Nestled in the heart of Cornwall, Newquay has once again hosted the hidden gem of a festival that is Boardmasters. Previous headliners have included Ed Sheeran, Ben Howard, and, last year, Bastille, but this year has undoubtedly marked a huge step up for the festival. With two headliners for each of the three festival days (Friday-Sunday), there is an extra stage, bringing the number of venues to an impressive five, and a whole new area to the festival, ‘The Land of Saints’. Coming with this expansion is a far bigger audience than the festival has previously received. Advancing to the scales of V Fest and T in the Park, Boardmasters is now playing with the big guns.It’s not hard to see the appeal. Clear August skies, two local beaches, surf and skateboarding competitions, a five day camping experience – Boardmasters feels more like a holiday than a festival. After two days of camping, the weather come Friday was blissful as myself and my friends crossed from the crammed and wild campsite into the massive grounds of the festival. Our destination was the huge Main Stage, an outside venue at the centre of the festival, with blissful views over the cliffs to the never-ending ocean below.
We started our day at 2:30pm, with a little-known band, Nahko and Medicine for the People. Describing themselves as an ‘American world music collective’, they fuse various cultural music genres influenced by the diverse band members, to create honey to the ears. Having obsessively stalked Boardmasters playlists on Spotify since I bought my ticket earlier in the summer, I was already familiar with Nahko, but nothing compared to seeing them live. The vibe they created was loved by the crowd, which was admittedly still thin due to their early set time. I would encourage everyone to give them a listen as I was blown away; in particular, a soulful rendition of ‘Love Letters to God’ (“Does she hear them / or do they got lost / in the stars…”) felt like an outpouring of love and emotion in the face of the dark and divided world.Sticking with the Main Stage to keep our place at the very front of the crowd, we watched Italian-English acoustic singer Jack Savoretti‘s set, before indie pop band Blossoms arrived to rock the stage. It was another great performance, especially when they finished with their iconic and extremely current hit, ‘Charlemagne’. The experience was topped off when Blossoms ended the set by announcing they had just learnt their eponymous debut album had hit number one in the Album Charts. To share such a big moment the up and coming band, right there in the crowd, was a truly unexpected privilege.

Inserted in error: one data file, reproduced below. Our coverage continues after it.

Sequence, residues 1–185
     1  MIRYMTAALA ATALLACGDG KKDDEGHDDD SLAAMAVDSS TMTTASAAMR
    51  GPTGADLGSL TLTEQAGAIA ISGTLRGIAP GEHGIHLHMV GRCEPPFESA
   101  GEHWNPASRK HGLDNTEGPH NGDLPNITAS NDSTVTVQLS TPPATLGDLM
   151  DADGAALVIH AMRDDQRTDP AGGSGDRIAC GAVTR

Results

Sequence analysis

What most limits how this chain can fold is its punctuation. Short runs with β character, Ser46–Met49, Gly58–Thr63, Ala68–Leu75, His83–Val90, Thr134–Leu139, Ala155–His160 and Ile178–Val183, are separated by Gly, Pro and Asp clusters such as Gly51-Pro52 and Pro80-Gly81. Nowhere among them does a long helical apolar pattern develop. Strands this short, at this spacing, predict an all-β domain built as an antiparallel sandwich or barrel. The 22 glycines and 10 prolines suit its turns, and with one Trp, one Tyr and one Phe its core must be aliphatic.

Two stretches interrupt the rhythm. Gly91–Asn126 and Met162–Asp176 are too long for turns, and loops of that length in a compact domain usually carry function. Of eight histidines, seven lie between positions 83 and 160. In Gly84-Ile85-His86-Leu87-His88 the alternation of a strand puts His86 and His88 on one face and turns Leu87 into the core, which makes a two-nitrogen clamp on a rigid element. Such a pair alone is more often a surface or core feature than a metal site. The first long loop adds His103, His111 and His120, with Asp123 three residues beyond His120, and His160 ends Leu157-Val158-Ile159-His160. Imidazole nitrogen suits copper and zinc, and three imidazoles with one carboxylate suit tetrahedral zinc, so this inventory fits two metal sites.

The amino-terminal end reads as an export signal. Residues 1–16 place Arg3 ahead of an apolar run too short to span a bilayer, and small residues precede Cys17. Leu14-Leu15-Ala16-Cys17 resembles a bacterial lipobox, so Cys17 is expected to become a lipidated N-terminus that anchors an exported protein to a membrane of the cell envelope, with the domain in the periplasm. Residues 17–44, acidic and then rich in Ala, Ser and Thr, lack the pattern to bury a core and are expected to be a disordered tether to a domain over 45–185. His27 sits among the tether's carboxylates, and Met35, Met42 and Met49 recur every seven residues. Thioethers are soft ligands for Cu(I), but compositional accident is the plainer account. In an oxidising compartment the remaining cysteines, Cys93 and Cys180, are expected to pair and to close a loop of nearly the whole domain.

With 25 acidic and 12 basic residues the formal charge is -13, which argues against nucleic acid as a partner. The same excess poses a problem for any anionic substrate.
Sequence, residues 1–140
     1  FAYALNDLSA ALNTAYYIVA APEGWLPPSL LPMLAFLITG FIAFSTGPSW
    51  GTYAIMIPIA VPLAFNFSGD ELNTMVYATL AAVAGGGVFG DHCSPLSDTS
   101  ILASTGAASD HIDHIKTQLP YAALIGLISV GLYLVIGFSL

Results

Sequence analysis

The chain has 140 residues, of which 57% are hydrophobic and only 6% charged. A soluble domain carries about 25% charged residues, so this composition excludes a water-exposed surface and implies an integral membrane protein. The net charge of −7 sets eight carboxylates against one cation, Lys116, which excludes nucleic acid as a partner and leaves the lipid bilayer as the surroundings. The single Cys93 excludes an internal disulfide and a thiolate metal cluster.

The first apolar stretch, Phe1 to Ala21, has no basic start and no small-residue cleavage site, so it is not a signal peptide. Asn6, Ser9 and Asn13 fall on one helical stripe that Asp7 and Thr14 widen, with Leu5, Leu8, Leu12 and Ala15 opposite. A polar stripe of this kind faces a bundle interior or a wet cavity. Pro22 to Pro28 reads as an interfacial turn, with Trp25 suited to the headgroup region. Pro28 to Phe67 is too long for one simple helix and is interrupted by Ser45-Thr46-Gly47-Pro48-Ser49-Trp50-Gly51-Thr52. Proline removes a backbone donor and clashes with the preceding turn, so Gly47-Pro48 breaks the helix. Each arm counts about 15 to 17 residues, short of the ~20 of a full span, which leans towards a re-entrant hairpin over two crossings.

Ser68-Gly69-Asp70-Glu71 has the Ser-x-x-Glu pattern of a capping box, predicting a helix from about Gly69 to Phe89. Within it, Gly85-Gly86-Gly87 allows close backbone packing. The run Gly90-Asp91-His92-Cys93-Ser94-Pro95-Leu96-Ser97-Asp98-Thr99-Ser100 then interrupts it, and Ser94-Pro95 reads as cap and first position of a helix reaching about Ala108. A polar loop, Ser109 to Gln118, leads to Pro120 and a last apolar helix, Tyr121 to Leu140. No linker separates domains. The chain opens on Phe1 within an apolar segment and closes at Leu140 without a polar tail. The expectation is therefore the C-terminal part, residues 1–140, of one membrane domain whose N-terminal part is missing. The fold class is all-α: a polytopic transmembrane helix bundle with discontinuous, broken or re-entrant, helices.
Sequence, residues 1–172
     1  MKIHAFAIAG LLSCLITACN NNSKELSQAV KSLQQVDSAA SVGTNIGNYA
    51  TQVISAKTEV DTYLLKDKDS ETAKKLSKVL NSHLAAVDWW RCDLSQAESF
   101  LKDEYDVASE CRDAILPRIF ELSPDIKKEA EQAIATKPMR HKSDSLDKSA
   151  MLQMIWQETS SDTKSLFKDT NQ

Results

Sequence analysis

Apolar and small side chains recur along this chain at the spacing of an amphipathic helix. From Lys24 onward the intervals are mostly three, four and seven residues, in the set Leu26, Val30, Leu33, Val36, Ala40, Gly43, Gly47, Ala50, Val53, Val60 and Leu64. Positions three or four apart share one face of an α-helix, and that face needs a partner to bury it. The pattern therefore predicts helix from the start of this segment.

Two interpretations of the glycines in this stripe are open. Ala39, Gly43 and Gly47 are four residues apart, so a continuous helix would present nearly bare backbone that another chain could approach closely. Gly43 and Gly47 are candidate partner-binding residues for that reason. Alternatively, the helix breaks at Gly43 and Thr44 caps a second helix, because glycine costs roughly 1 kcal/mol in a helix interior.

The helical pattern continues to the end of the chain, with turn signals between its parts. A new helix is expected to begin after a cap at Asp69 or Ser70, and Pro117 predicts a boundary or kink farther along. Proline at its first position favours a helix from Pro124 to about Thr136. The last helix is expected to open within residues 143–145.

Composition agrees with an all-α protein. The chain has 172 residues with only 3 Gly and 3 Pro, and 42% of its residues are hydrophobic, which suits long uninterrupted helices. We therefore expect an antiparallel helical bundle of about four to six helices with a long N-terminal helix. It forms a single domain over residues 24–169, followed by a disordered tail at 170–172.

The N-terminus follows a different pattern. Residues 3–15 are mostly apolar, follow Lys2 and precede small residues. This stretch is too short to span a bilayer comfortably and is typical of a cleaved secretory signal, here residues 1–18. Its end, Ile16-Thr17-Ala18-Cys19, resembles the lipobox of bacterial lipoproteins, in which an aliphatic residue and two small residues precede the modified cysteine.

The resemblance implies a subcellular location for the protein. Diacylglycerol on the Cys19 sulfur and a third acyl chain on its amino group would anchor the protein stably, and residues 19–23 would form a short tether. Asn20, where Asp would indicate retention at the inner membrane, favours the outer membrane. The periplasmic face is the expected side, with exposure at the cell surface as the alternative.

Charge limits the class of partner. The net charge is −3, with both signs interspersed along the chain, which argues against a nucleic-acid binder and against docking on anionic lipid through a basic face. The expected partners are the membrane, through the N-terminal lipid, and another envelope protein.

Boardmasters should be admired for its devotion to promoting rising stars. Despite a couple of songs I half-know and being aware that she supported Coldplay at Wembley earlier in the year, Lianne La Havas was new to me when she walked onto the Main Stage. I was blown away by her youthful talent – she wasn’t just a singer, as I had been expecting, but her skill with many different guitars, from electronic to acoustic, was great. Though a marked contrast, she was the perfect ‘calm before the storm’ before the mayhem of Catfish and the Bottlemen, the night’s first headliner.Being in the front row for Catfish was an overwhelming experience. I’d seen them before, earlier this summer at Bristol’s Summer Series, and I have to admit I didn’t think they played quite as well this time round; but the atmosphere was undoubtedly far more spectacular. Avoiding mosh pits was impossible and you just had to let yourself get carried by the mayhem, and enjoy classics such as ‘Cocoon’, ‘Soundcheck’ and ‘Kathleen’. Moving slightly back in the crowd towards the end, I nosily watched entertained as a middle-aged man text his son “Can’t believe I’m actually enjoy Cat Fish!” Something for everyone!
The night’s second headliner was Chase and Status, who arrived on stage as the bright sun finally faded into a clear night. Somehow, the crowd became even larger for the electronic duo, and they delivered a visually stunning set, fully incorporating use of the large screens for their performance. Though pretty much everyone I met at the festival raved about them, I cut them short to catch the end of Krept and Konan at the Unleashed Stage. The tented club-esque venue worked well for the late night performances of the weekend, though I found myself deeply regretting leaving Chase and Status for the rapping hip-hop duo. It may just not be my taste in music, but I thought it was a lot of shouting and swearing over nothing – even their famous closing number, ‘Freak of the Week’, felt underwhelming.
The night closed after midnight with Wilkinson at Unleashed, which filled up as Chase and Status closed the Main Stage with the end of their set at 11. From near the back, we enjoyed the drum and bass music producer’s energetic set, and with fatigue from a long and hot day setting it, his iconic ‘Afterglow’ was a fitting end to a breathtaking day.